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Author Topic: RACES  (Read 9677 times)
WB6BYU
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Posts: 13021




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« Reply #15 on: May 31, 2011, 01:23:44 PM »

Quote from: KI4SDY
In the event of an enemy attack, why would you shut down a large resource of citizens that can intercept and monitor possible enemy transmissions, as they did in WWII. Again, that does not make any sense, no matter how remote the possibility.  Roll Eyes


It doesn't say they can't LISTEN, as the Volunteer Interceptors did a lot of in WWII.

They just can't TRANSMIT, except as part of a responsible organization (RACES) under the control
of a local government entity.

Besides, in that case, the military will probably be using all available frequencies for their
communications.

If you don't like the law, why don't you lobby your congress-critter to get it changed.
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KI4SDY
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Posts: 1452




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« Reply #16 on: May 31, 2011, 06:13:13 PM »

No one has shut down ham radio because of an attack, as was just admitted. Remember 9/11? Ham radio was not shut down, it was implemented to assist with failed cell and public safety communications.

I will vote for better leadership in the next election and will not have to worry about socialist knee-jerk reactions. During 9/11, we had a Republican in the White House, kind of. Wink
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LA9XSA
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Posts: 376




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« Reply #17 on: June 01, 2011, 11:25:07 AM »

They are going to have time and resources to confiscate radio equipment in the middle of a real emergency? Why would they do that?
We're talking about war here, not just any emergency. The last time war was officially declared by the USA was WWII. So yes, amateur radio was shut down in war before. It doesn't have anything to do with party affiliation or handgun ownership. (Possibly automatic rifle ownership.)

The large volume of amateur transmissions is an opportunity for enemy messages to be hidden, and the frequencies might be needed for military use. Some of the radios and radio operators might also be needed. At least that's how it was back then. Amateurs did service as volunteer interceptors, or as instructors or radio operators in the field. Some of them fell in battle.

(...)
Thanks for very informative posts, WB6BYU.
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KI4SDY
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Posts: 1452




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« Reply #18 on: June 03, 2011, 05:39:52 AM »

Well, if you guys are concerned about the government shutting down ham radio during a war, maybe you should just sell all your radio equipment to me cheap and not buy any more!  Wink

Right now we have three wars going and more seem imminent. No sense waiting until the last minute. You don't want to be labled a scofflaw!  Shocked  

You should be concerned about something more important, like the next election. It may very well determine the financial future and or failure of our country. As we all know, wars are usually about the money!  Wink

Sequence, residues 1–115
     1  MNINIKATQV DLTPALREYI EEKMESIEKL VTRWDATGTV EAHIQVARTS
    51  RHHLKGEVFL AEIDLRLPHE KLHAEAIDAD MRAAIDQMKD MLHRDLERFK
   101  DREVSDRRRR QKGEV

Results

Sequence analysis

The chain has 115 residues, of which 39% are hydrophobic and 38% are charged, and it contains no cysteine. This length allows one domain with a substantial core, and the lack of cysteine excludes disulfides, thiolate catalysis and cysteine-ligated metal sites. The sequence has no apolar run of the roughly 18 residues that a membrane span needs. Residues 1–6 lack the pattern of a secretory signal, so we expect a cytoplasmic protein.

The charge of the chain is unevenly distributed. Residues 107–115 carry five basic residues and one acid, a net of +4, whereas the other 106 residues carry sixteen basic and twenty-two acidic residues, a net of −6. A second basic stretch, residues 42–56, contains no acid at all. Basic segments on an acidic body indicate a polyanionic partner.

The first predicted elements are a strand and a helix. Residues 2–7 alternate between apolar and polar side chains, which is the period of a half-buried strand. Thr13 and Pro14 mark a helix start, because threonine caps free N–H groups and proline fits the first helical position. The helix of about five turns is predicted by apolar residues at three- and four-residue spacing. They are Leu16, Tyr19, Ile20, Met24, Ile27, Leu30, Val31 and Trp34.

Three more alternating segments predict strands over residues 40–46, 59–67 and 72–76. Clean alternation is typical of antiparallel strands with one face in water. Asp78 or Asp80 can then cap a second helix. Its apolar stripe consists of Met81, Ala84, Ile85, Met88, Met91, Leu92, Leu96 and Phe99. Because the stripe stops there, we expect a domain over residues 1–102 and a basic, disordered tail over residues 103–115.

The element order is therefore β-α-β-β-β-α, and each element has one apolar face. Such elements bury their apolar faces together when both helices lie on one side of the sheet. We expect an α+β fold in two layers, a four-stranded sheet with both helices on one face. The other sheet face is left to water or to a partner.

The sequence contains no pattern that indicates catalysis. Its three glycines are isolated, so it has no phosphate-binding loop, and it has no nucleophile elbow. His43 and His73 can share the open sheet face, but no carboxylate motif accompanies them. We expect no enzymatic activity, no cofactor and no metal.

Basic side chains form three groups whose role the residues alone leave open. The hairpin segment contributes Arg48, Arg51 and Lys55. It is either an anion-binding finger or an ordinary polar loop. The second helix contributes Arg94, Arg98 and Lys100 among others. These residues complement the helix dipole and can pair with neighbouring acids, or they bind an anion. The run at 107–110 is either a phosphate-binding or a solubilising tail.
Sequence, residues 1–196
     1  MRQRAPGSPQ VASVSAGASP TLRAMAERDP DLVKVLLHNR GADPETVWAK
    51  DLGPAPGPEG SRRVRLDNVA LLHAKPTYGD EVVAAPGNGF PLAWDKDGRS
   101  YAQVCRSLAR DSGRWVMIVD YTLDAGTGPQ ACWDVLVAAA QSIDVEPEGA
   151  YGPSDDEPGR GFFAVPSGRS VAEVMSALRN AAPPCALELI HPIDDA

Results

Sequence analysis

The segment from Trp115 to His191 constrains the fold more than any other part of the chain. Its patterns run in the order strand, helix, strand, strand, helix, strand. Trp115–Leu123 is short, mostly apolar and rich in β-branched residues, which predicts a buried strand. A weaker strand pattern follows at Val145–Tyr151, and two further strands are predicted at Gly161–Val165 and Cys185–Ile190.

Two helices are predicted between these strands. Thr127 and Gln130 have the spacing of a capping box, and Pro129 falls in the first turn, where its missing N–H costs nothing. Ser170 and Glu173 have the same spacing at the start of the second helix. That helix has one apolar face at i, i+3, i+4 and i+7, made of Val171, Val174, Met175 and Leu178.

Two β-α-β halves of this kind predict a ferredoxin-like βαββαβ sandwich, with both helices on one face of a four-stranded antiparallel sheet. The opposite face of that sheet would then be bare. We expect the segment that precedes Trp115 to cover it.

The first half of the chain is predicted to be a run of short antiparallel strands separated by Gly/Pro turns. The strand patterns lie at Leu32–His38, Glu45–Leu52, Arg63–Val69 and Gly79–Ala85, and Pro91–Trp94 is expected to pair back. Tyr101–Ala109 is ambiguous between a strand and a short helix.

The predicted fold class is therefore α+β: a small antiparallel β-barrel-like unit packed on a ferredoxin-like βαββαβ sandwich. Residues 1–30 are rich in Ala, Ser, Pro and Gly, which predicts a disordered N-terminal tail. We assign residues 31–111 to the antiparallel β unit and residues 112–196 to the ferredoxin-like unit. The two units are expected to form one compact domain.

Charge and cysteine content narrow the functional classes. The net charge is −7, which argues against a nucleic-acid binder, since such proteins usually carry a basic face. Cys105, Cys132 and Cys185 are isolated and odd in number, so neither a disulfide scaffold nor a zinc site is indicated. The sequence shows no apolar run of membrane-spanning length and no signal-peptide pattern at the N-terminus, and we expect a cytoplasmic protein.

« Last Edit: June 03, 2011, 05:57:05 AM by KI4SDY » Logged
KC2UGV
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Posts: 219




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« Reply #19 on: June 03, 2011, 06:19:38 AM »

Well, if you guys are concerned about the government shutting down ham radio during a war, maybe you should just sell all your radio equipment to me cheap and not buy any more!  Wink

Right now we have three wars going and more seem imminent. No sense waiting until the last minute. You don't want to be labled a scofflaw!  Shocked  

You should be concerned about something more important, like the next election. It may very well determine the financial future and or failure of our country. As we all know, wars are usually about the money!  Wink  

I'll second this:  I'll be willing to take your gear off your hands, so you have one less thing to worry about during a war Smiley
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K7RBW
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Posts: 386




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« Reply #20 on: June 03, 2011, 06:38:36 AM »

The large volume of amateur transmissions is an opportunity for enemy messages to be hidden, and the frequencies might be needed for military use. Some of the radios and radio operators might also be needed. At least that's how it was back then. Amateurs did service as volunteer interceptors, or as instructors or radio operators in the field. Some of them fell in battle.
The large volume of amateur transmissions? Your kidding, right? What about the large volume of cell phone calls and internet traffic?

Anyone (who is sufficiently motivated) can record every transmission made on every Ham band using SDRs and PCs. I'm pretty sure you can use just one to record the entire set of HF bands (0-30Mhz).

Imagine what the government (who is significantly more well funded and more motivated) can record and analyze. There are not many places to hide a signal nowadays.

Shutting down amateur radio for "security reasons" without also shutting down cell phones and the internet would seem pretty silly these days.
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KC2UGV
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Posts: 219




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« Reply #21 on: June 03, 2011, 06:46:48 AM »